When we understand this, it’s easy to see why the Disengagement Plan was so popular: the plan purported to address Israel’s security needs and didn’t try to market fantasies of peace. “We’re here and they’re there,” a pragmatic and convenient solution to the Palestinian problem. The public loved it. How do we know? Simple: in the 2006 elections, but a year after the Disengagement, Olmert claimed that he would work toward a “Realignment Plan,” in which Israel would unilaterally withdraw form 97% of Judea and Samaria. It turned out there was no “national trauma” from the Disengagement in these elections, and Kadima won 29 Knesset seats. Labor won 19. Netanyahu and the right-wing “rebels” barely scratched 12.
So what does the “people” want? It’s simple: security, prosperity and a high standard of living. The masses love the Land of Israel, of course, but they do not see it as a value which supersedes all others. They’re also not interested in individual freedom or the rest of the right wing-conservative agenda. They are only interested in results. If holding onto Greater Israel helps the security of Israel, they’re for it. If individual freedom and economic growth lead to prosperity, then they’re right wingers. If they are convinced they will get what they want with the opposite—withdrawals, regulation and market barriers—then then they will be left wingers.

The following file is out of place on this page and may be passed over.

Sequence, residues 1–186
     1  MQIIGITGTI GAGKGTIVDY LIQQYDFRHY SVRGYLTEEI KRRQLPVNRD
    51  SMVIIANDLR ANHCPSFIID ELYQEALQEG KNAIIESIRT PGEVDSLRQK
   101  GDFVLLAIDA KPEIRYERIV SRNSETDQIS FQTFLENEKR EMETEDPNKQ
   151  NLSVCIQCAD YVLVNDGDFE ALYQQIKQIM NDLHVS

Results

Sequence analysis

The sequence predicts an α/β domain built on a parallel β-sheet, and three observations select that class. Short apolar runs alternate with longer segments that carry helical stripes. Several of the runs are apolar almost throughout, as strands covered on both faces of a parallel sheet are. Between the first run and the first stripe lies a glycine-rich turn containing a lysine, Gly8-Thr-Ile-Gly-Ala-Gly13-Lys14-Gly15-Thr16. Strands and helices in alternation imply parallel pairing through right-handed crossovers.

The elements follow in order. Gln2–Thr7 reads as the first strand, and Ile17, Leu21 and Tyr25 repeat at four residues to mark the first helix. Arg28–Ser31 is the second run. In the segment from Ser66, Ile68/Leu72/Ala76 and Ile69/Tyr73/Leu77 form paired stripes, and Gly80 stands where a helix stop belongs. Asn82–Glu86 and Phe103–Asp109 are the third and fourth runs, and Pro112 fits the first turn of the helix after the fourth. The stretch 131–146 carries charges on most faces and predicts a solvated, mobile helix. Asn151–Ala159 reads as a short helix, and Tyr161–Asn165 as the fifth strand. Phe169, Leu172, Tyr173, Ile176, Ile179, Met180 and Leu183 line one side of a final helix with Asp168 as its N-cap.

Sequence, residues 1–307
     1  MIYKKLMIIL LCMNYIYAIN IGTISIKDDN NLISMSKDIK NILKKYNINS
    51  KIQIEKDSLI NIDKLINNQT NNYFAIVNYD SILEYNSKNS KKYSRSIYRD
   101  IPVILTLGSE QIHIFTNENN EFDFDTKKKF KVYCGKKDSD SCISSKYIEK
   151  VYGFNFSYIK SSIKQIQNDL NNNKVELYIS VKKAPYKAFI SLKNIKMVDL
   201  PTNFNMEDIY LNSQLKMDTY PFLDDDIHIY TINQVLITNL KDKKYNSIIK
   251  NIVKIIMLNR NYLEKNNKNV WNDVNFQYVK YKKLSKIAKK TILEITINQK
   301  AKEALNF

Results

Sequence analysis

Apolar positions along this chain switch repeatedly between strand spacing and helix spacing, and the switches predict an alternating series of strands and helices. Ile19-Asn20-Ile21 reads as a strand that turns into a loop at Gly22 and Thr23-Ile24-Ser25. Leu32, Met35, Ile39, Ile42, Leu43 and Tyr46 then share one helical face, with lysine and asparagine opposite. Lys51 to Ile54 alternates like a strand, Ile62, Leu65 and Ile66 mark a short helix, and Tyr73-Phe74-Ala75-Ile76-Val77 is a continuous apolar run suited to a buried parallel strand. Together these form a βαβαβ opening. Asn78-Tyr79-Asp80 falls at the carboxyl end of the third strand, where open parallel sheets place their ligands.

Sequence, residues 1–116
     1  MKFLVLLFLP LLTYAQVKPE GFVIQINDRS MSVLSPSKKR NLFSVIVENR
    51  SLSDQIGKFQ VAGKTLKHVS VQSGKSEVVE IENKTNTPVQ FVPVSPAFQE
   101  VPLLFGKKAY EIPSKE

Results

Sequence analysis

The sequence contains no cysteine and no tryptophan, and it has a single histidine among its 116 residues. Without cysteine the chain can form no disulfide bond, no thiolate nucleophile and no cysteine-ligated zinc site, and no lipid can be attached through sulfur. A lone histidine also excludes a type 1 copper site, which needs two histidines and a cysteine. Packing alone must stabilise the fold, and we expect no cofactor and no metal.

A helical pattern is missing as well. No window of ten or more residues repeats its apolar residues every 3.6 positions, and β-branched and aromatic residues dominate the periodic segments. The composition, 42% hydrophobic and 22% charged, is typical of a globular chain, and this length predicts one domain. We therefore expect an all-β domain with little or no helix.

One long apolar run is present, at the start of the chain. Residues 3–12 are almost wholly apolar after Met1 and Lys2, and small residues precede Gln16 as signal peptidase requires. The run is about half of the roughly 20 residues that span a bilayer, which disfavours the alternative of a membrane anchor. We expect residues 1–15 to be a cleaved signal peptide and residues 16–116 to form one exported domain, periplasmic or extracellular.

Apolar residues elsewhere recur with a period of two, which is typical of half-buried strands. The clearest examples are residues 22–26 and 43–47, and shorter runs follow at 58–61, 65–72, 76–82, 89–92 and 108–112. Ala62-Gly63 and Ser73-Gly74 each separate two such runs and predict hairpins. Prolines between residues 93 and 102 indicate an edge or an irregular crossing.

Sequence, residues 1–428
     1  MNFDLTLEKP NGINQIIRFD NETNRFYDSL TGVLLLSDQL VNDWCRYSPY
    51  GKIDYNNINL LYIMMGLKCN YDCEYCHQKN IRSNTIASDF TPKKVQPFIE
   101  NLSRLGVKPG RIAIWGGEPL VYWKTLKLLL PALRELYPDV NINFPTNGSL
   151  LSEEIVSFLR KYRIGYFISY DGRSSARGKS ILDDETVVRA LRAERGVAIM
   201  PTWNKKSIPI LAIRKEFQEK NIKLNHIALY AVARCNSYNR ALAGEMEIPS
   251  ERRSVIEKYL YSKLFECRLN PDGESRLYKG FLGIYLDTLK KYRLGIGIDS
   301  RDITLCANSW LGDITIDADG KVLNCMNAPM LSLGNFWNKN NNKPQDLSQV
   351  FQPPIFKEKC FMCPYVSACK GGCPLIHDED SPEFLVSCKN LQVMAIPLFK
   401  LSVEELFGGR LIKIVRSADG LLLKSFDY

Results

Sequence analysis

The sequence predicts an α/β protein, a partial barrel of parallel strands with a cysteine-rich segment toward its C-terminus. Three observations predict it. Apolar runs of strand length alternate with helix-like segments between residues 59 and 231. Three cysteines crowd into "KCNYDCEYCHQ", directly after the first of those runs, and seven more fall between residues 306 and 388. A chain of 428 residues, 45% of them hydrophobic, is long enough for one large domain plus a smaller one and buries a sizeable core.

That’s the situation, like it or not. Most of the public is not “ideological,” it’s pragmatic. It admires moderation and restraint, and likes to see progress which does not bind them to any hard and fast position.
So What Is To Be Done?
All this requires us to gain a new understanding of the function of political leadership. One of the common arguments of the ideological right is that the government needs to conduct revolutions within the system. We need to “fight the public sector unions” and conduct wholesale reforms in the justice system, the defense and foreign establishments, and so on. Naturally, those who advance such ideas tend to be extremely critical, seeing anything which falls short of their demands as “surrender” and people not interested in going that far as “leftist.”
This is wrong on two counts. First, as we saw above, most of the public is not extreme and is not interested in wrecking and revamping the whole system. A government that veers too sharply—even if perfectly legally and democratically—could end up scoring an own goal and risk losing the next election.
Second, there’s a fundamental misunderstanding here of the function of government. We need to distinguish between two types of right-wing. There’s the ideological right wing, which aims to change things right away according to its ideological agenda, and there’s the conservative right wing, whose purpose is to preserve present gains and aim to change matters in a slow, measured manner without causing too much damage to the existing structure.